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Taking a global perspective, Brill Research Perspectives in Global Youth (RPGYS) addresses specific issues related to the impact of expanding interdependency of national societies on youth conditions. At a time when youth has undergone tremendous changes in most of the countries in the world (Western, Eastern, Southern and Northern), this publication provides academics, practitioners and policy makers worldwide with exhaustive analyses and syntheses regarding youth in a global context as well as the renewed approaches needed to assess these shifts.

Young people both are affected by and are the actors of the globalization of everyday life. Mobility (travel, migration, education), multicultural backgrounds, relations to educational and job markets, demands for leisure recognition, transformation of families and of childhood and youth, and the proliferation and development of youth cultures are among the changing factors that Brill Research Perspectives in Global Youth investigates on macro, meso and micro levels.

Brill Research Perspectives in Global Youth welcomes proposals coming from the wide range of the human and social sciences (to include sociology, anthropology, demography, economics, psychology, linguistics, political science, history, etc.).

Each installment is a focused monograph of approximately 30,000-40,000 words (70-100 pages) presenting the state of the art on a specific theme in close combination with critical analysis and research.

Authors are cordially invited to submit proposals and/or full manuscripts by email to the publisher Jason Prevost. Please direct all other correspondence to Associate Editor Simona Casadio.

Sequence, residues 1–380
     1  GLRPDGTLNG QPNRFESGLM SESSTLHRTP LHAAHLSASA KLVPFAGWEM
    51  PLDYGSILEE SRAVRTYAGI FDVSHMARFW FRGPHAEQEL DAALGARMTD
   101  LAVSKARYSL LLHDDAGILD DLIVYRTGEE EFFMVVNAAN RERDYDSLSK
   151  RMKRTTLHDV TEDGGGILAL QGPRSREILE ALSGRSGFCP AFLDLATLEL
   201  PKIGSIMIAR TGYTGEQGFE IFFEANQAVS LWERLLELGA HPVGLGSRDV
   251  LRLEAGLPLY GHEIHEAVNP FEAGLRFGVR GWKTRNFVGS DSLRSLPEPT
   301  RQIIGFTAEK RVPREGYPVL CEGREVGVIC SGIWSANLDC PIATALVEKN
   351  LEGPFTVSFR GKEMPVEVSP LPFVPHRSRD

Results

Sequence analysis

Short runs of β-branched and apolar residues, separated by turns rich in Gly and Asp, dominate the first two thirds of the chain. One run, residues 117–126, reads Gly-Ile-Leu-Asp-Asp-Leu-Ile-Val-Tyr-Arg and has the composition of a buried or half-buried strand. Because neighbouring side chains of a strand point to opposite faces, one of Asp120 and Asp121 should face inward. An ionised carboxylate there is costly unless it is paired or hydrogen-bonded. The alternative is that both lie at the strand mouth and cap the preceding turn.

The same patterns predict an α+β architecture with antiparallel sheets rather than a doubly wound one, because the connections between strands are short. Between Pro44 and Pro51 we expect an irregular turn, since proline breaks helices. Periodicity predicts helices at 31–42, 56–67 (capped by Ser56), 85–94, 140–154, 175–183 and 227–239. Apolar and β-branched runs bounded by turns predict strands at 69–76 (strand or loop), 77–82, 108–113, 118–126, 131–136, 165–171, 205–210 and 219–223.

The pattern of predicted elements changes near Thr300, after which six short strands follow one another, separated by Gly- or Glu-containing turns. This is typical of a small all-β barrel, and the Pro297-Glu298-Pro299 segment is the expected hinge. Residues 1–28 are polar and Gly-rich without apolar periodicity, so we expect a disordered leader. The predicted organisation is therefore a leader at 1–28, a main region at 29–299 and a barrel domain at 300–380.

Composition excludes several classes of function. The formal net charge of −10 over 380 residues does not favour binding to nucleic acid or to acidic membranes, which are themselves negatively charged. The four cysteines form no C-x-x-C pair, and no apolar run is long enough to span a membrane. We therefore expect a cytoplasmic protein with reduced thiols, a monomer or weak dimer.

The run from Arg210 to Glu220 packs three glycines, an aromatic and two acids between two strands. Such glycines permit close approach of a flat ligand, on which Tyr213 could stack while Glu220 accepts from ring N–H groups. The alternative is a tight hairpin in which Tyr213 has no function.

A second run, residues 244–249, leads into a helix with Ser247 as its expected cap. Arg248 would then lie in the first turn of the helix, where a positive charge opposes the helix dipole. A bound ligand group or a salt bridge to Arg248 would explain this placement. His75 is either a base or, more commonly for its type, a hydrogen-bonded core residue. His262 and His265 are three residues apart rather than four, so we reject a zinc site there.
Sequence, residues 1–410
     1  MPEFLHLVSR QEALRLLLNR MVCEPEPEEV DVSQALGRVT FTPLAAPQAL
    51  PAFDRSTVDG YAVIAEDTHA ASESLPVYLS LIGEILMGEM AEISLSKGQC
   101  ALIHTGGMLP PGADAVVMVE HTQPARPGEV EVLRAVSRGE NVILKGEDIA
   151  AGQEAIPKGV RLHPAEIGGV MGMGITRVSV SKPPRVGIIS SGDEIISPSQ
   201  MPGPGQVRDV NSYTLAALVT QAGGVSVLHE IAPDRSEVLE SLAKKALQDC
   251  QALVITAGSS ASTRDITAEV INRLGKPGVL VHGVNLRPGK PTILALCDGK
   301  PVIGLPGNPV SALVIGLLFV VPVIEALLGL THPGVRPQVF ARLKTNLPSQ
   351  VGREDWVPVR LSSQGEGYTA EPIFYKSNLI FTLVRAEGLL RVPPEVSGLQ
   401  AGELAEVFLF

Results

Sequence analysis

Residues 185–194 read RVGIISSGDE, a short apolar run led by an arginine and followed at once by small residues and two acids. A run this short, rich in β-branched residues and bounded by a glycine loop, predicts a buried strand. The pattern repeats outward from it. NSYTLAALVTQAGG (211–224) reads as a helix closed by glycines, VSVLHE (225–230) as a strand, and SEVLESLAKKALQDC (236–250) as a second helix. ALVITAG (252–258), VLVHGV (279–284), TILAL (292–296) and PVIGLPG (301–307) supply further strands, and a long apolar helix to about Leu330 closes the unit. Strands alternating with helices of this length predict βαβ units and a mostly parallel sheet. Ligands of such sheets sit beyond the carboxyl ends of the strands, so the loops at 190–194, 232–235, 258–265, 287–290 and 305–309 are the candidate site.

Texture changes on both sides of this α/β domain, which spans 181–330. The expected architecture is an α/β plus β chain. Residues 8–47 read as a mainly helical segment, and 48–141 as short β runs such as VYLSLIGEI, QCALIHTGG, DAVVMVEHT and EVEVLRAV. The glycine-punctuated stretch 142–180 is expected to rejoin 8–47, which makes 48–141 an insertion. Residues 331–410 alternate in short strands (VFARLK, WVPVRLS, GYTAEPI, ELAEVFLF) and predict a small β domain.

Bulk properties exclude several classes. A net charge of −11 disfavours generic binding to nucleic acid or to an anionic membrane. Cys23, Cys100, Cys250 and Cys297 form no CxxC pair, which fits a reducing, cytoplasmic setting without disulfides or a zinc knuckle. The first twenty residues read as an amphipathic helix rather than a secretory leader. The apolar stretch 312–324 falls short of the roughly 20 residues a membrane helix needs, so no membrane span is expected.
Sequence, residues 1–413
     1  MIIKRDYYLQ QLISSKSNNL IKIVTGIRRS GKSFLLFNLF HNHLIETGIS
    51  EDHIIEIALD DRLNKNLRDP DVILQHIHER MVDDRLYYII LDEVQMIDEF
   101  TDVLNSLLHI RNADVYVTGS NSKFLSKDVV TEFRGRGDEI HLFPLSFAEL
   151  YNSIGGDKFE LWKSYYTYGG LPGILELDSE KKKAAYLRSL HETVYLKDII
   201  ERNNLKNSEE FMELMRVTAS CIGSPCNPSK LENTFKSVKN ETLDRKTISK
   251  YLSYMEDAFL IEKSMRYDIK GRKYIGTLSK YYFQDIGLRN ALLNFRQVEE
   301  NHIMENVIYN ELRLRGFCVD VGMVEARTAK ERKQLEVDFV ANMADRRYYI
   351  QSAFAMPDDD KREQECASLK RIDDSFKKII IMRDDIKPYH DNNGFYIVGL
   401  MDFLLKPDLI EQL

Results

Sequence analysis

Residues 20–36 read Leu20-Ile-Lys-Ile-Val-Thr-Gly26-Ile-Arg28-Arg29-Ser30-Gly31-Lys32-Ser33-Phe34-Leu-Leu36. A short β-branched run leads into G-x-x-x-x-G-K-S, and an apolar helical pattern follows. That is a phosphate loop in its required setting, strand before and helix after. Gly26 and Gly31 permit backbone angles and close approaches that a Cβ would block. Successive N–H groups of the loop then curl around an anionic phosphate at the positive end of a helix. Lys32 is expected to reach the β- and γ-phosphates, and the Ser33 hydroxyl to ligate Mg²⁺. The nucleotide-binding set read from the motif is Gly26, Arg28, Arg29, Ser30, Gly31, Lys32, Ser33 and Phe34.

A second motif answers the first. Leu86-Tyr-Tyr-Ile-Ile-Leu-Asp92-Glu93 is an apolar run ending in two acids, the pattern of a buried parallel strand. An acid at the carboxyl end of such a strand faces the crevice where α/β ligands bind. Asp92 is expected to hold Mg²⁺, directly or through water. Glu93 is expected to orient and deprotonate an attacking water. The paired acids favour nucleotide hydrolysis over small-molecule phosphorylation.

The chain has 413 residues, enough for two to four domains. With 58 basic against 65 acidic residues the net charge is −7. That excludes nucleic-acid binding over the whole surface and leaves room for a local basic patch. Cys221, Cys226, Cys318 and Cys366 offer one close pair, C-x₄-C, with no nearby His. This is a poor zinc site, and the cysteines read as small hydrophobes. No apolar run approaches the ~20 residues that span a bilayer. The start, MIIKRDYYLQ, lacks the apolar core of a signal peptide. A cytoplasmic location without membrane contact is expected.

Based on 30 years of fieldwork in the Niger Delta, this book debunks the determinism of the resource curse theory in Nigeria, Africa's leading oil producer and the most populous country on the continent. It rather shows that oil and gas production is only one element of a social problem with much deeper roots. It also investigates the role played by the youth, a key issue in a society where half of the population is under 18 years old. To understand the multiple causes of the crisis, it thus delves into the complexity of a rich history.
Japanese youth, like everywhere else, are trying to build their future despite the crises that are shaking their world, the latest being the triple disaster of Fukushima. Often considered to be more focused on a personal or even hedonistic life, they surprised the media when a student movement took the floor to criticize the Abe government's security and Self-Defense Forces bills in 2015. The so-called SEALDs movement (Student Emergency Action for Liberal Democracy) was formed some time after the Indigenous or Occupy Wall Street movements, but it shares similar concerns.
Understanding the SEALDs' experience from the perspective of John Dewey's philosophy allows us to highlight once again the dangers that digital technology poses to individuals, the collective and their values.